Creative Clay Solving

Creative problem solving is an important skill that is not only useful in the art room but in every area in life. For this project, students were given a ball of clay and were told they could create anything they wanted, ANYTHING…as long as it could hold a pencil. The process of creating without defined guidelines is challenging and requires a great deal of planning, problem solving, and designing. Here is how the pencil problem was solved by 5th & 6th graders…





Pre-K & Kindergarten Batik

Batik is a style of painting which involves pouring hot wax on cloth (creating a resist), then painting. This process of batik is very popular in Japan and Indonesia. For those parents reading this, don’t panic, while we did use wax it was in the much safer crayon form!

Using 100% cotton fabric, I cut it into long rectangle then glued one end to extra long wooden sticks. The wooden stick provides a handle to hold so students are not carrying wet fabric around the room with paint colored hands (it is also a great place to put their name). In class, we watched a video of a batik artist who used hot wax and discussed designs.

Each student drew on their cloth using a white construction paper crayon (these crayons work the best because they are a little waxier than normal crayons). It was difficult for students to see their design, but it was amazing to watch their faces when the paint was applied, revealing their drawing! We kept the design simple, primarily focuses on shapes and line.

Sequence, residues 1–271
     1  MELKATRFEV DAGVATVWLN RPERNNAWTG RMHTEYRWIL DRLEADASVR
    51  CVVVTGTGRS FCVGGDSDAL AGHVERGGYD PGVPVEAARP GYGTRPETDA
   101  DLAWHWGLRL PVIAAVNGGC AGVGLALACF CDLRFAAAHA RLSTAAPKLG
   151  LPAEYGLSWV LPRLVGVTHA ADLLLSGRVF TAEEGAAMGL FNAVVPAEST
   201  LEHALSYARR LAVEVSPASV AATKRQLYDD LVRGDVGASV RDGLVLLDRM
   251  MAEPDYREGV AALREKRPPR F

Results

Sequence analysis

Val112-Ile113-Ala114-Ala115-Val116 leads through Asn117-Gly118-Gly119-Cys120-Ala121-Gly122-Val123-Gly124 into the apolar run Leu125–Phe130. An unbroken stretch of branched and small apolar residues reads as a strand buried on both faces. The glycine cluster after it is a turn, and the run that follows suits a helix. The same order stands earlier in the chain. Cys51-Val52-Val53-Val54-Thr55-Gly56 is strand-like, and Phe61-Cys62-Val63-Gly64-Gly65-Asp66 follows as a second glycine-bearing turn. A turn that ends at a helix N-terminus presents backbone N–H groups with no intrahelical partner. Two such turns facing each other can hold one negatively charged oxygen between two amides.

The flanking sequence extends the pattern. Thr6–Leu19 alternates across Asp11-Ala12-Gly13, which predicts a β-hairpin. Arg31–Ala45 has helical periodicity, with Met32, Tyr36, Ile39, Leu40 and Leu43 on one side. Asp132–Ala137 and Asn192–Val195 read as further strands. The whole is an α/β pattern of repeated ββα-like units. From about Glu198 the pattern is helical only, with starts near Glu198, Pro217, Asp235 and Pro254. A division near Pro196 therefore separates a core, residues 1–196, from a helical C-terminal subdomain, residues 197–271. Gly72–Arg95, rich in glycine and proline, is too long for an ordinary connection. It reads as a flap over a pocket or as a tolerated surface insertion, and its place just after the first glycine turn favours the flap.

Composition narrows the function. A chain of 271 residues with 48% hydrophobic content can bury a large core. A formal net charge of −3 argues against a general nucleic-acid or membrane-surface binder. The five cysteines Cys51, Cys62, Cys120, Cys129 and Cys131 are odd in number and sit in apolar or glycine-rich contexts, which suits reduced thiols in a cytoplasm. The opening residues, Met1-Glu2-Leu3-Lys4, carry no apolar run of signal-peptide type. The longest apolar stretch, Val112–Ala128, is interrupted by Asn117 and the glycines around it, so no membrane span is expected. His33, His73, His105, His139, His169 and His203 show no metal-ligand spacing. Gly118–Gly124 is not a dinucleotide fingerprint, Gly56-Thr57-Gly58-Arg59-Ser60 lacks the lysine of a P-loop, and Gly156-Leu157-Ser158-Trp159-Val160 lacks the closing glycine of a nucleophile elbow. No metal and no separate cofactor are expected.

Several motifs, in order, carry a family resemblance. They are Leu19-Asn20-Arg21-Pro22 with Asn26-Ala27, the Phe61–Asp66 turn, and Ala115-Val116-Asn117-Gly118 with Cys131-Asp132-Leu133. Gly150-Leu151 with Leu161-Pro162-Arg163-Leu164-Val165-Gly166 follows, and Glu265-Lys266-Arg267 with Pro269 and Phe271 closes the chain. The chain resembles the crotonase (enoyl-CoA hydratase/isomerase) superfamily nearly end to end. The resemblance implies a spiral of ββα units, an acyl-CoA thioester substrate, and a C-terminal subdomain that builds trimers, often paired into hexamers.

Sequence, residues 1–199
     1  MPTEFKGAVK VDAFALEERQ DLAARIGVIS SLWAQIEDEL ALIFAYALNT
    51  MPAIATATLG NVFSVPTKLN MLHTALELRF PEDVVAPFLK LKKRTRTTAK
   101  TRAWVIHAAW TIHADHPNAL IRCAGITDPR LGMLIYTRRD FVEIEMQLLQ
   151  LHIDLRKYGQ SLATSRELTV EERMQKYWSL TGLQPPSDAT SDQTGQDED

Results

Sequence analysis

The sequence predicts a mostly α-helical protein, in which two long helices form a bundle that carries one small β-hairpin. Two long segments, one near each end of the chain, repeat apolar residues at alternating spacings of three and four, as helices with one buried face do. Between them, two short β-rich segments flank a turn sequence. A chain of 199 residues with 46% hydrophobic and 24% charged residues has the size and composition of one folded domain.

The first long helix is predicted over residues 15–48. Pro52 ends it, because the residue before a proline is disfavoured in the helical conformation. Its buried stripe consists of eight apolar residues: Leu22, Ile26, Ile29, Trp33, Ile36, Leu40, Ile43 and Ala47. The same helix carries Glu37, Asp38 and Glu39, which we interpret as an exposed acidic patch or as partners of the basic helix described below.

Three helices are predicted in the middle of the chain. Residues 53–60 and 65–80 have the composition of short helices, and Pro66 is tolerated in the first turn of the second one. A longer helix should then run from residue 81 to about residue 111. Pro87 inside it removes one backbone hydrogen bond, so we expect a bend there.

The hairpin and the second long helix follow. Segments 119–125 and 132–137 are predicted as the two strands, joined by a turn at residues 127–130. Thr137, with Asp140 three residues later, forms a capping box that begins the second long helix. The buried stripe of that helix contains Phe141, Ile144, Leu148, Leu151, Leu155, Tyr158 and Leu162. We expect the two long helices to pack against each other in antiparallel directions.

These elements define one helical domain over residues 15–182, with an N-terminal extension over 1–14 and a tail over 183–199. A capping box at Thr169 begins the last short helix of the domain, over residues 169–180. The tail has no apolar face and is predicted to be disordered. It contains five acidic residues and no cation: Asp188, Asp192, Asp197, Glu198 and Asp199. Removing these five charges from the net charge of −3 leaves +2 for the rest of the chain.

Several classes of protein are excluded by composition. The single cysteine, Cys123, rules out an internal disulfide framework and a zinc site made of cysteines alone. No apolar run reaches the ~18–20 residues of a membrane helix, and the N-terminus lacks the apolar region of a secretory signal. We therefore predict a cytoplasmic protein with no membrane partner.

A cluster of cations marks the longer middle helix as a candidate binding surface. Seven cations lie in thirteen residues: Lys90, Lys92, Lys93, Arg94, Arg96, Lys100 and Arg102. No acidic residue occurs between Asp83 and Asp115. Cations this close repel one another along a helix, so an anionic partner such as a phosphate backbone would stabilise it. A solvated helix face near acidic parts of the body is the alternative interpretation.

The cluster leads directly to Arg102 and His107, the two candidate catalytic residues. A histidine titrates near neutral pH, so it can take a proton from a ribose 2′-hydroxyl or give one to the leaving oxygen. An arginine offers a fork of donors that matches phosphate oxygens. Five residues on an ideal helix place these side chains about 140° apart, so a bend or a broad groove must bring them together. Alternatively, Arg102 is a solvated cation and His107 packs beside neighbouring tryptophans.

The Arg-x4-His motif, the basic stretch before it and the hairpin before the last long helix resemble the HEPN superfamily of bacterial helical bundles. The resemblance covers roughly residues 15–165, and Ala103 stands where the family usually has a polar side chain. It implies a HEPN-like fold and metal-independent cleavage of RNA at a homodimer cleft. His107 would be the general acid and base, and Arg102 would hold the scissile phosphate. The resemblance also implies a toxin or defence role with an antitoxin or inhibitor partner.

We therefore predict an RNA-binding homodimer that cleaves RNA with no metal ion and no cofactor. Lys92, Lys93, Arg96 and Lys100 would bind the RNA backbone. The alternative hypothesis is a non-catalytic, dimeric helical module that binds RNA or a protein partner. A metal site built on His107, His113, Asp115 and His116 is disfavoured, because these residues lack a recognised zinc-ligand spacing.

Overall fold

Once their designs were complete they moved from table to table painting with 6 different colors of liquid watercolor. If you try this had home, make sure the paint is not too thick (thick paint will hide their work).

The results were beautiful…



STEAM & Sustainability: Plant Based Dyes

Did you know that the fashion industry is the second leading cause of pollution globally, after oil? Producing fabric, specifically cotton, requires a massive amount of water. The chemical dyes used to change the color of natural cotton is often dumped in our waterways effecting the entire ecosystem. In our art we looked at the devastating impact azo dyes have on the environment and brainstormed what we can do to limit consumption by recycling clothing. We are extremely fortunate to have an amazing art room volunteer, Mr. Rich, who so kindly donated a garbage bag full of old 100% cotton shirts. We began this project by cutting the shirts in long rectangles…

Click here to watch the TedX Talk: The Lifecycle of the T-Shirt


Once the shirts were cut into a different shape we explored natural dyes and experimented with red cabbage and turmeric. Both red cabbage and turmeric are excellent natural dyes and can give new life to any old t-shirt, dress or skirt (non-synthetic fiber)! Students also learned about the Japanese art of Shibori by binding and folding their fabric to create patterns. Once the natural dyeing process was complete students used the fabric to make travel pillows!